A lifted truck gives you more clearance, allows you to transverse rough terrain, and offers a rugged look. But did you know that lifting your truck also comes with its challenges?
Unfortunately, lifting a truck does affect its ride quality. That is mainly due to having an unbalanced suspension system. Most people don’t consider the comfort of the ride, as they are focused more on clearance.
This detailed guide covers some ways to make a truck ride smoother if you’ve been experiencing a bumpy, rough ride with your truck.
Yes, lifting a truck does affect its ride quality. A lifted truck experiences plenty of vibrations when going on rough roads.
Also, lifted trucks need to use big tires, requiring a different gear ratio. Your lifted truck will feel geared higher, affecting your ride quality.
Another reason why lifting your truck could lead to a bumpy ride is because lifting the truck could lead to an unbalanced suspension system. When this happens, the truck will feel bumpier and may vibrate more when you drive at high speeds off-road or on a highway.
Lifted truck drivers are also prone to losing stability when driving at high speeds because the truck’s center of gravity has been adjusted. You may need to go slowly while turning to avoid losing stability.
Some of the ways you can make a lifted truck ride smoother include:
1. Modify the Chassis and Reduce the Unsprung Mass
Your truck’s suspension holds the weight of the parts carried on the chassis. However, the suspension doesn’t support parts like the rims, tires, and the components that hold the suspension in place.
Unsprung mass or weight is the total weight of the parts not supported by your suspension system. These parts are heavy, and although durable, they also reduce flexibility and add to the overall load.
Using ceramic, carbon fiber, and aluminum parts can reduce the overall weight of your truck’s underside.
Your suspension can handle impacts of uneven terrain when there’s less weight in the wheels, tires, and other suspension parts. The trick is to ensure the tires and suspension are light in proportion to the truck’s overall weight.
Reducing the unsprung weight gives your suspension a speedier response, which translates into your suspension responding faster. That leads to a smoother ride and allows your truck to adapt to different terrain quickly.
Furthermore, a lower unsprung mass will prolong other components’ life.
2. Get a Soft Suspension System
Your suspension has a significant impact on ride comfort. Having a stiff suspension translates into a bumpier ride when covering different terrain.
Reducing the suspension system hardness can significantly improve your ride. Start by reducing the unsprung weight, making the truck maneuverable. You’ll then need to check your shock absorbers.
Adding springs can improve shock absorption, or you can decide to adjust the shock absorbers.
Alternatively, you can replace your preexisting shock absorbers with lighter ones. Although expensive, they will make a difference in your ride’s comfort.
Dual-rated shocks allow you to adjust the truck’s ride height and firmness. That will enable you to adjust the settings depending on your preferred comfort level.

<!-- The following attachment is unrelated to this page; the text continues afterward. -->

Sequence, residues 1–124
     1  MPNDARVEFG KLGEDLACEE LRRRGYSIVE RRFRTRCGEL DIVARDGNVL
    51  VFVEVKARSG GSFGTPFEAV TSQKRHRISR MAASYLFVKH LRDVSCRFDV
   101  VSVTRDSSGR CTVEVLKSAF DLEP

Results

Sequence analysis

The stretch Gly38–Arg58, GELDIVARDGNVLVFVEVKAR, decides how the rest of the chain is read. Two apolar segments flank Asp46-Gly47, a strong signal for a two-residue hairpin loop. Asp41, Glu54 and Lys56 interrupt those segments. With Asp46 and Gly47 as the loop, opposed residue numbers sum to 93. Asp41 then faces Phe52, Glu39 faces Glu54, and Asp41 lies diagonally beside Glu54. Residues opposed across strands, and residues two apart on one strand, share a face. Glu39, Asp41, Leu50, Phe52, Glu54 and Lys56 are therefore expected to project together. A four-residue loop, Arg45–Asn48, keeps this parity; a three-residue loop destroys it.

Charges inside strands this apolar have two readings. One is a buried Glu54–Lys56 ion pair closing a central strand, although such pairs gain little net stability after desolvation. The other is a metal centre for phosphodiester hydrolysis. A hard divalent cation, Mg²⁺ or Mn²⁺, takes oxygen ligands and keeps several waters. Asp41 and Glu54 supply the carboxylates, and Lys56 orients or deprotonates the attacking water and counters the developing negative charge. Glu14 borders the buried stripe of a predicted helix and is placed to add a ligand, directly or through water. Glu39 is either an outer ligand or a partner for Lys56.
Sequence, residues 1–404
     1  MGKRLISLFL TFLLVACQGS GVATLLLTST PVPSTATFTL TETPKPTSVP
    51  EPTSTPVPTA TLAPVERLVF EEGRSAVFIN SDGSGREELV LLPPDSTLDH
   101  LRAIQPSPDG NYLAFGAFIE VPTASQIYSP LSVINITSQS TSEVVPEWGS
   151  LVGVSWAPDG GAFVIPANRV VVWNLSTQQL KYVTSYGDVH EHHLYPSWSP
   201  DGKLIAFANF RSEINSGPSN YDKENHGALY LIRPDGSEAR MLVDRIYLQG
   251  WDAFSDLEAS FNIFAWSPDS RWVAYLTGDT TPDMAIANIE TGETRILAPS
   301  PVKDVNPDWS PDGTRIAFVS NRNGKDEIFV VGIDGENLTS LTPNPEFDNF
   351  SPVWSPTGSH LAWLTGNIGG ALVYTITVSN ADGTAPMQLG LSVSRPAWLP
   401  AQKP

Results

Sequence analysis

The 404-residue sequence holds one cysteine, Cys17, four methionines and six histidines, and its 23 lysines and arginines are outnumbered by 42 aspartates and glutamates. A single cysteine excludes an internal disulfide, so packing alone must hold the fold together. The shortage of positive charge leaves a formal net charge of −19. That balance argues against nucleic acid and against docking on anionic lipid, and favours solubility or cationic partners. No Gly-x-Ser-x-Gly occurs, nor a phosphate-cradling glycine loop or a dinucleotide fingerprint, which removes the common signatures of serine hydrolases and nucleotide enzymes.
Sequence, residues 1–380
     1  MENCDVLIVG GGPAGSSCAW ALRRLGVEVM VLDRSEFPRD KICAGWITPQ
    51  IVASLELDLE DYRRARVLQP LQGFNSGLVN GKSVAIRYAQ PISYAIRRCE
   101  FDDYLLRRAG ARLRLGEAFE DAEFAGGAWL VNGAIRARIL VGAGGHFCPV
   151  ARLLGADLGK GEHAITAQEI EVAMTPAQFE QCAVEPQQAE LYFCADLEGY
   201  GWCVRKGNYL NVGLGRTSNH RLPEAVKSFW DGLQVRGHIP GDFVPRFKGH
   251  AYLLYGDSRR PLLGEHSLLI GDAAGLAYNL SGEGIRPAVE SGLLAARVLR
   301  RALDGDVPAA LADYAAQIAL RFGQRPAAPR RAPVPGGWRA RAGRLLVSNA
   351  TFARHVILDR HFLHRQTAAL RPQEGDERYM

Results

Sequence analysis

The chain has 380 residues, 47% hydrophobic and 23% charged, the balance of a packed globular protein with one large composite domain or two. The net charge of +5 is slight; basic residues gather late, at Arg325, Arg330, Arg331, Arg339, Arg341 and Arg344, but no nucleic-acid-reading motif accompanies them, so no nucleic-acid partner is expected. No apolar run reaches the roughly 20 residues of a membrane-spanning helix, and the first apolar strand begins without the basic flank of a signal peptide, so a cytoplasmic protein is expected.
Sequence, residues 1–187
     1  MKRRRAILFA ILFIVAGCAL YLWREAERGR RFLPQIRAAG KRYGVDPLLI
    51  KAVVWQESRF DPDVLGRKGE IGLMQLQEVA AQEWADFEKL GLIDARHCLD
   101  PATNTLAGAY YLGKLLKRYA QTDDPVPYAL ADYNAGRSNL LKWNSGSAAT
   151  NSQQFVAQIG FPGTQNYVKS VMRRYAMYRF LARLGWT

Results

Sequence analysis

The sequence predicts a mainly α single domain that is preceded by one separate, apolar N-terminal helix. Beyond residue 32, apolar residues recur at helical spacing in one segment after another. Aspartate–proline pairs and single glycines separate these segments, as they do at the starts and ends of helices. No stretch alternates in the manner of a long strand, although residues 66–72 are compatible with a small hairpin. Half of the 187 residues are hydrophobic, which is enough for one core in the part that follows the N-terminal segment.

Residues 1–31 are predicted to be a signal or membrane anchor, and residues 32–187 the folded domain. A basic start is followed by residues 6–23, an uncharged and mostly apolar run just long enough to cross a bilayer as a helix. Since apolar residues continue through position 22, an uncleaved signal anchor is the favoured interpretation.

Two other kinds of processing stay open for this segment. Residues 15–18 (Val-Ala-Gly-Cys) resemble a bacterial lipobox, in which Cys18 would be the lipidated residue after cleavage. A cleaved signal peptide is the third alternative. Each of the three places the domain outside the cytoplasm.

Once you’ve replaced the shock absorbers, you’ll need to replace the springs with a softer pair. Doing this will improve your truck’s ride quality.
3. Reduce the Vibrations
Vibrations impact the truck’s chassis and may be evident when driving on rough terrain. You need to eliminate the vibrations to enjoy a smoother ride.
One way to reduce vibrations is by double stacking rubber rings on your coil springs. Apply some grease on the rings before placing them to dampen the noise. Additionally, you can add rubber isolators on the steering column and the driveshaft to reduce the vibration.
You can also create a vibration cushion by installing rubber strips between the seat mounts and the floorboards.
4. Change the Tires
Another way to make your lifted truck ride smoother is to change the wheels and tires.
Most truck drivers prefer buying low-profile tires due to their classic look. Unfortunately, these tires don’t perform well on lifted trucks due to their lower aspect ratio. That makes them stiff, a factor that can undermine your ride comfort.
Furthermore, low-profile tires don’t absorb the turbulence of rough terrain, which makes them incapable of giving you a smooth ride.
Additionally, while big rims may seem fashionable, they can pose a problem for your truck. Apart from adding excess weight to the truck, fitting wheels on a big rim makes them unable to ride smoothly over rough terrain due to the extra unsprung weight.
You may notice that the wheels become unresponsive as you ride over bumps and gravel.
Experts recommend getting tires that are tall and thin. An ideal tire should not be more than 18 inches in diameter and 7 inches in width.
Avoid overinflating the tires as this makes them hard. Instead, opt for 3-5 psi below the recommended pressure to ensure the tires are soft and have more cushioning.
Most truck wheels are at 35-40 psi, but a tire pressure of 32 psi would improve the ride.
Remember to replace older tires if you want to reduce bumps on the road. Check the level of the tread and have them replaced if they are worn out.
Some installed lift kits degrade a truck’s handling, which can lead to a bumpy and rough ride. Fortunately, it’s a problem that can be rectified by adjusting or changing your suspension system, checking the springs, fixing vibrations, changing the tires, and replacing your shocks.
Making these adjustments will improve your performance on the highway and offroad and enhance your ride quality.